I’ve seen a lot of people bidding a fond farewell to 2009, glad to see it go. I’m tempted to join them, since 2009 did bring a lot of challenges our way, but when I look back I realize that it wasn’t all that bad. Yes, my husband did spend 6 months among the many who were unemployed, but we managed to pull through and end up in a better spot than where we were when 2009 began. That’s due, in large part, to some things I did to make sure we were prepared.
I hope you never have to go through what we did, but even if you don’t, these tips will help you feel much more secure.
#1 – You Must Have Cash. Every financial advisor will tell you that you need 3-6 months living expenses in the bank, but I think most people see this as an unattainable goal. We assume that it’s hard to save that much. Well, when I read the tea leaves and saw unemployment in our future, I got real motivated and was amazed how much I could save, and how quickly. Yes, I stopped putting money into my retirement for a year, but I always knew that I’d be able to feed my family and pay the mortgage. Saving for your later years is important, but you need to be able to eat now.
#2 – Live Within Your Means. It’s a total no-brainer, but we almost got in trouble here. I like to complain about how small my house is, and we were close to buying a bigger one with a mortgage that would have stretched our comfort level. Well, I found that a small house feels like a palace when other people are losing theirs. Our mortgage is less than what many people pay in rent in our city, and that allowed us to stay in our home and also be able to continue to enjoy, more or less, our regular standard of living.
#3 – Know What’s in Your Medical Records. Even if you’re fortunate to have a job, the days are dwindling when people can expect their employers to provide health benefits. Let me tell you that buying insurance on the private market is an eye opener. We are probably in the 95th percentile of healthy families; the worst things we deal with are occasional ear infections and blood pressure medication for my husband. But the kinds of things the insurance companies want to know about your medical history – wow!! It’s a wonder ANYBODY gets insured. I went back through our medical records and was surprised at some of what I found – such as a mention in my daughter’s file of a minor issue I dealt with in my 20s that has been resolved for more than a decade. I was grateful we aren’t the kind of family who goes to the doctor every other week and has a laundry list of ailments. I don’t know what the answer is, until and unless health care reform passes. All I can say is that it doesn’t hurt to do a regular audit of your family’s health records and be aware of what’s really there.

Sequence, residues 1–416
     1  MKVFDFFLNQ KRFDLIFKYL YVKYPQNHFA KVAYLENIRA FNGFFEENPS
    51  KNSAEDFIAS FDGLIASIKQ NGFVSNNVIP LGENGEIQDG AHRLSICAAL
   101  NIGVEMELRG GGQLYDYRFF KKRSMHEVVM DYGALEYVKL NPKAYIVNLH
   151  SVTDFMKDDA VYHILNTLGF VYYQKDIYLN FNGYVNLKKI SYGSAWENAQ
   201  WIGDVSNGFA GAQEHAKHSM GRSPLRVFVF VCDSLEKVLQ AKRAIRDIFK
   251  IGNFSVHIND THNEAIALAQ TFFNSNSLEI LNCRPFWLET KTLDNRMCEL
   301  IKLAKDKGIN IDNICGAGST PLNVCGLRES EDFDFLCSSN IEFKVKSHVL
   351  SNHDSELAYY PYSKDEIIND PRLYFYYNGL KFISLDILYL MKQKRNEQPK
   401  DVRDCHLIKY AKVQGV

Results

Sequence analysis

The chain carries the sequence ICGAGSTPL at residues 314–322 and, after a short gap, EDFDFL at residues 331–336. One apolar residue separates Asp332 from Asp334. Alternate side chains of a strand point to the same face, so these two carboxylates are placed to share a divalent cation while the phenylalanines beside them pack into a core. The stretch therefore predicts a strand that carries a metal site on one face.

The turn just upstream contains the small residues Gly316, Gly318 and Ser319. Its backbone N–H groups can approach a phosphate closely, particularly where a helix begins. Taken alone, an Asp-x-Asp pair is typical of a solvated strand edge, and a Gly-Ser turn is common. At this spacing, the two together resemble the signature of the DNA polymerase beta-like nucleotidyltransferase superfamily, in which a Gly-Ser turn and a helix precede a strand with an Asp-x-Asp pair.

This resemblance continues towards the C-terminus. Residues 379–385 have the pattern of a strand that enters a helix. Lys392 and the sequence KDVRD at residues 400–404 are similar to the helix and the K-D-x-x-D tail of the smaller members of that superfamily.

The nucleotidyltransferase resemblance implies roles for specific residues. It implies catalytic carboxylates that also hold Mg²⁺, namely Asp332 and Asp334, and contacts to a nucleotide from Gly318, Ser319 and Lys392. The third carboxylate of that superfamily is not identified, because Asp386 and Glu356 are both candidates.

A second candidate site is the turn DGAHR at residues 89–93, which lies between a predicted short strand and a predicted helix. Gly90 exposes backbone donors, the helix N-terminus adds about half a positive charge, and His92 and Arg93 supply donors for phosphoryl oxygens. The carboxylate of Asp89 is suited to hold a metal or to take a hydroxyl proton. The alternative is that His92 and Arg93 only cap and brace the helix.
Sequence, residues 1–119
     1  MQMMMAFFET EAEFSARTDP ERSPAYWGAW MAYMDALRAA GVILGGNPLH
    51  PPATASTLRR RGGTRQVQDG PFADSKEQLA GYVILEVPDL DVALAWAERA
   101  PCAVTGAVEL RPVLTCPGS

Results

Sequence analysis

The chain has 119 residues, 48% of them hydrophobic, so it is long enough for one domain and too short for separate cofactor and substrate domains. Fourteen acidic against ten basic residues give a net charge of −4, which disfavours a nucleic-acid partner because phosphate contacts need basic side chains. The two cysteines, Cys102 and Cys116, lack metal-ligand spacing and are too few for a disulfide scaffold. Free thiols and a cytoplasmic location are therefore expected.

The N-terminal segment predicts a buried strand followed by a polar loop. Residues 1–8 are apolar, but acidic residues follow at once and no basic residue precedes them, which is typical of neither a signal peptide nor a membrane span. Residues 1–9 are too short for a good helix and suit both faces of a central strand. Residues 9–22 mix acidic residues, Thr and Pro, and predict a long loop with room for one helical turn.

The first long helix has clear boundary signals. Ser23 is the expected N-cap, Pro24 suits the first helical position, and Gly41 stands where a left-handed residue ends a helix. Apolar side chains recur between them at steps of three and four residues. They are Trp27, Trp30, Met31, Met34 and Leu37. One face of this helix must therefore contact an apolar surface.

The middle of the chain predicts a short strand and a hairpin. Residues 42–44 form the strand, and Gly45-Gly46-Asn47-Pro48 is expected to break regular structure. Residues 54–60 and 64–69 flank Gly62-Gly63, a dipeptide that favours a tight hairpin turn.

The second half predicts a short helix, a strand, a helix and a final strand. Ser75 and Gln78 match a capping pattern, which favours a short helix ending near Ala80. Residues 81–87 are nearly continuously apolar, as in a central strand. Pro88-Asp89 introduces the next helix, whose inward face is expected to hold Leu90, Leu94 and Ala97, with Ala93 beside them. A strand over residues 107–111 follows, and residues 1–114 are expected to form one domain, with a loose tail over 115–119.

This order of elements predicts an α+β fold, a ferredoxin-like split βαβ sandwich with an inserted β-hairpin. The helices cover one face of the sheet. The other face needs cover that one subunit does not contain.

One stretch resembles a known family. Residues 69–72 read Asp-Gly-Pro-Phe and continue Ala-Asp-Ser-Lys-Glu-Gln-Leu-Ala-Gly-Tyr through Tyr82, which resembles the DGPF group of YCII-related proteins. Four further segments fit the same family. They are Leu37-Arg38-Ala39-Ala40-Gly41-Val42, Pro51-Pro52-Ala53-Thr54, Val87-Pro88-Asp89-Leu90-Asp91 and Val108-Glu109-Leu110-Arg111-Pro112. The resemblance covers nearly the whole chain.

#4 – Pay Off Debt When You Can. I’m a huge fan of Dave Ramsey, the financial guru who encourages folks to be totally debt free. Now that we’re back to two incomes, we’re taking some of the cash I hoarded and paying off cars and credit cards. It feels great!! And as for buying that bigger house? Well, for now the plan is to hold off until I know the economy is more secure, and until we can sink a huge chunk of cash into it. As Dave says, “Cash is King” and I know now, from experience, that he is right!!
May you all have a happy and secure – if not prosperous – new year!
3 thoughts on “A Mom’s Gotta Have Cash!”
All really good points. My hub and I just had redid our personal budget (in Excel) and refinanced our house. Now we can use the money we are saving on the house to get a used, family-friendly vehicle. You sound like you communicate well with your husband like I can with mine.
It is surprising how much you can save when you just DO IT. Last year we probably saved the most we ever have, which is funny since my husband got a pretty significant pay cut. Even a little bit helps, for instance one of the things we did is set up an automatic transfer from our checking to our savings of just $50 a month. That money really came in handy to help cover all those holiday gifts.
But, now this year my goal is to get back to putting money in an IRA. We missed a year of putting anything away for retirement and I'm hoping depending on how taxes round out, I can make a decent IRA contribution and then set up an automatic monthly transfer. And fingers crossed… I hope the hubby gets bumped back up to at least his regular pay. It's been about a year now, and God, that would feel like we hit the lottery. Well, almost.
great post. we have a financial advisor, and it was the best thing we ever did. painful but good!